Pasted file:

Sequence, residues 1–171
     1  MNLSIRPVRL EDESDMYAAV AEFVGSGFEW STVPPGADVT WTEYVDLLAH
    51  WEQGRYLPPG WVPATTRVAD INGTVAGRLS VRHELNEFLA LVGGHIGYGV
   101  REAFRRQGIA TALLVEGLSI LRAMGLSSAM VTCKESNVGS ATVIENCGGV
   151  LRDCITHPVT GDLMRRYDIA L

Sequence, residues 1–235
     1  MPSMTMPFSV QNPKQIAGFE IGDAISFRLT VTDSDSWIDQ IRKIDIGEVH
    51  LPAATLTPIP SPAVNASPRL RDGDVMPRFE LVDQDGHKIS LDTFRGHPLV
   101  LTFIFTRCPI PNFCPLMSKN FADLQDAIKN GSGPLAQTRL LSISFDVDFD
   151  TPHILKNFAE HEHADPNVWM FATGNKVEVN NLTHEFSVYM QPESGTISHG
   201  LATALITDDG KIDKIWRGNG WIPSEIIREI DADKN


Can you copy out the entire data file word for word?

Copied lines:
Sequence, residues 1–171
     1  MNLSIRPVRL EDESDMYAAV AEFVGSGFEW STVPPGADVT WTEYVDLLAH
    51  WEQGRYLPPG WVPATTRVAD INGTVAGRLS VRHELNEFLA LVGGHIGYGV
   101  REAFRRQGIA TALLVEGLSI LRAMGLSSAM VTCKESNVGS ATVIENCGGV
   151  LRDCITHPVT GDLMRRYDIA L

Sequence, residues 1–235
     1  MPSMTMPFSV QNPKQIAGFE IGDAISFRLT VTDSDSWIDQ IRKIDIGEVH
    51  LPAATLTPIP SPAVNASPRL RDGDVMPRFE LVDQDGHKIS LDTFRGHPLV
   101  LTFIFTRCPI PNFCPLMSKN FADLQDAIKN GSGPLAQTRL LSISFDVDFD
   151  TPHILKNFAE HEHADPNVWM FATGNKVEVN NLTHEFSVYM QPESGTISHG
   201  LATALITDDG KIDKIWRGNG WIPSEIIREI DADKN